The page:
Motherhood, pregnancy and the birth of my children were also important experiences that influenced my reflections on this practice. I realised that as a woman you can experience extraordinary, intense things with your vagina, not just ecstasy or violence. My first daughter was not even a year old when I established my dance company Les Ambianceuses in 2002.

After I gave birth to my second daughter in 2010, I laid down the basic outlines of Booty Therapy as I teach it today, although I am constantly developing it. It’s a mixture of different elements from African dances – alongside the previously mentioned Congolese Ndombolo, some, for example, Coupé Decalé from the Ivory Coast –  and a bit of fitness and psychology. I also add my knowledge from theatre and African philosophy.

At this time, my dance courses and I were already known beyond the borders of France. In 2006 I began to teach courses in Germany. This was followed by invitations to the US and Sweden in 2008, and to England in 2009. It was an exciting life of travel, inspiring encounters and wonderful performances.

 

The ‘sister of a terrorist’

But then, in January 2015, a wave of attacks shook through France. It was a Wednesday morning, the 7th of January 2015, when I learned there had been an attack on the satirical magazine “Charlie Hebdo.” I immediately became scared that my little brother, who had already been in prison several times, was involved in the whole thing. I had seen him a few days before, he had seemed tense and had asked me strange questions about the number of hours I was able to go without sleep.

Then I read that the culprits were the two brothers Chérif and Saïd Kouachi. But on the next day it happened. My brother shot a black policewoman. I could’ve heard the shot, I lived fifty metres from the crime scene. My alarm clock had failed to ring. It was only on the Friday that I grasped that my brother was involved in the terrorist attack in the Jewish supermarket “Hyper Cacher.”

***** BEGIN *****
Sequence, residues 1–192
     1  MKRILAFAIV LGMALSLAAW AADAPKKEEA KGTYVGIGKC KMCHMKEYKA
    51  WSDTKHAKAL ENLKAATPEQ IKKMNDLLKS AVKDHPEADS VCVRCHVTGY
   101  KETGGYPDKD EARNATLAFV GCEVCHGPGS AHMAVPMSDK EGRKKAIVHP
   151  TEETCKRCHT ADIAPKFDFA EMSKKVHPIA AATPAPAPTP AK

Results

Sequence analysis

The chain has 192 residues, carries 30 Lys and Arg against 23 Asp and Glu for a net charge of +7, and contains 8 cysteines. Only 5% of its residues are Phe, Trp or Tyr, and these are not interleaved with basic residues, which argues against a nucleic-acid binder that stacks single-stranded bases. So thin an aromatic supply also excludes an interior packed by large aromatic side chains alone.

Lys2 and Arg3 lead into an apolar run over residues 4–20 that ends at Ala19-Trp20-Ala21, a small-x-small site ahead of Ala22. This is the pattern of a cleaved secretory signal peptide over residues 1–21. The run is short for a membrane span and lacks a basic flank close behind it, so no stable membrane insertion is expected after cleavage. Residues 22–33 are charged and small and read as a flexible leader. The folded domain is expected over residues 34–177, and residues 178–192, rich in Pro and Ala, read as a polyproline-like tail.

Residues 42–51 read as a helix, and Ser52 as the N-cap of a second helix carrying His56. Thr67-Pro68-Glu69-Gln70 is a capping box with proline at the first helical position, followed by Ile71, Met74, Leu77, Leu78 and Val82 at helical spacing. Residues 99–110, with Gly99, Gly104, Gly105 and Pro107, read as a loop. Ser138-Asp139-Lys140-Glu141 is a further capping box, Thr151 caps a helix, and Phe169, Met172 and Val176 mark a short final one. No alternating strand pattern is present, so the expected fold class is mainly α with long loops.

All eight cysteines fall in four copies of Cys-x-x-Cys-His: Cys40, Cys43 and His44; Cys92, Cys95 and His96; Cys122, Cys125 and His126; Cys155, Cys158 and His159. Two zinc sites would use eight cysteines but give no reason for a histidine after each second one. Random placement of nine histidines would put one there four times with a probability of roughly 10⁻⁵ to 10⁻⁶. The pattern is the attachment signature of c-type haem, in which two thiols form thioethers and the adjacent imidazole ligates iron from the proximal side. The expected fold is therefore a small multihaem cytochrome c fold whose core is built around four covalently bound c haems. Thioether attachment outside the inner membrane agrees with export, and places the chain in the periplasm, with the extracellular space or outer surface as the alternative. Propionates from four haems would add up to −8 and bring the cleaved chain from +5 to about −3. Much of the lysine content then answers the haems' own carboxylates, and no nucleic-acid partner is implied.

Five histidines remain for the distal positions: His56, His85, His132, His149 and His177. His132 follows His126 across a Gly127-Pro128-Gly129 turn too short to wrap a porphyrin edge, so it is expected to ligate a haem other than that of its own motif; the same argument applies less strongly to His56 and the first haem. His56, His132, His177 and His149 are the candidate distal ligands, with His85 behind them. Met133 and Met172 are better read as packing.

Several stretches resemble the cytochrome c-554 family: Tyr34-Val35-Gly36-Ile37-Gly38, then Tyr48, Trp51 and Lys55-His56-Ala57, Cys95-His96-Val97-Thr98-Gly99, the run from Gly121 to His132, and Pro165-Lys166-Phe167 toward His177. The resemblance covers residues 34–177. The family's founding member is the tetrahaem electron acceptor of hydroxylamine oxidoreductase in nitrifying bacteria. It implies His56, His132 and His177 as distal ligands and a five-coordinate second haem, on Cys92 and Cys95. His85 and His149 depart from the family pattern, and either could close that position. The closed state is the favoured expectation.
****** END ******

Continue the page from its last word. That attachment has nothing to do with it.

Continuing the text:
My sisters called me many times, all speaking at once, and I needed several hours to register what had happened. Then my phone rang non-stop: the press, colleagues, acquaintances, friends, even those I hadn’t heard from in a while, all called me to ask questions, to offer help or to confront me. It felt as though the whole world was crashing down on me. 

Journalists tried to sneak into my classes by pretending to be students, or they stood in the entrance of the studio. These experiences have completely changed my relationship with strangers. I had no choice: I had become the “sister of.” I felt lost and angry. In the following months I put on twenty kilos. The whole story of my brother, his deeds and his death, stayed stuck in me. I couldn’t find a way to express my feelings. The only place I could flee to was my dance lessons.

 

Booty therapy to build resilience

It was only on a trip from Mississippi to California in August 2017 that I began to recognise what had happened with my brother. I could finally release my grief: my tears flowed for the duration of the flight. I had a new desire to write about myself and my dancing. I didn’t want to keep being referred back to my brother. Paradoxically, my manuscript was published thanks to Camille Emmanuelle, wife of the caricaturist “Luz”, who works for “Charlie Hebdo” and survived the attacks. I met the publisher in 2014, when she had come to one of my dance courses, and she immediately agreed to publish my story.


 

“To publicise my dance classes, I organised flash mobs in different places: at the Alexanderplatz, on the platforms of the U-Bahn or S-Bahn”

 


Even so, I was only able to finish the book when I was no longer living in France. In September 2018, a year after I had met a German in Los Angeles, I came to Berlin with my two daughters. To publicise my dance classes, I organised flash mobs in different places: at the Alexanderplatz, on the platforms of the U-Bahn or S-Bahn. Through word of mouth I was quickly able to build up a new customer base for my courses.

I was surprised by how few black people live in Berlin. And, compared to Paris, racism is far more blatant. But new doors were also opened: I was able to give several solo performances, and I met people from the Burlesque scenes and LGBTQ+ circles. In France you have to rely on a network to achieve something. Here, my cultural background is undoubtedly an advantage and enables me to keep creating new work.


As told to Cécile Calla, translated to English by Ysanne Cremer. Maïmouna Coulibaly’s autobiographical book “Je me relève” (“I get back up”) was published in French original by Éditions Anne Carrière in Paris in November 2021.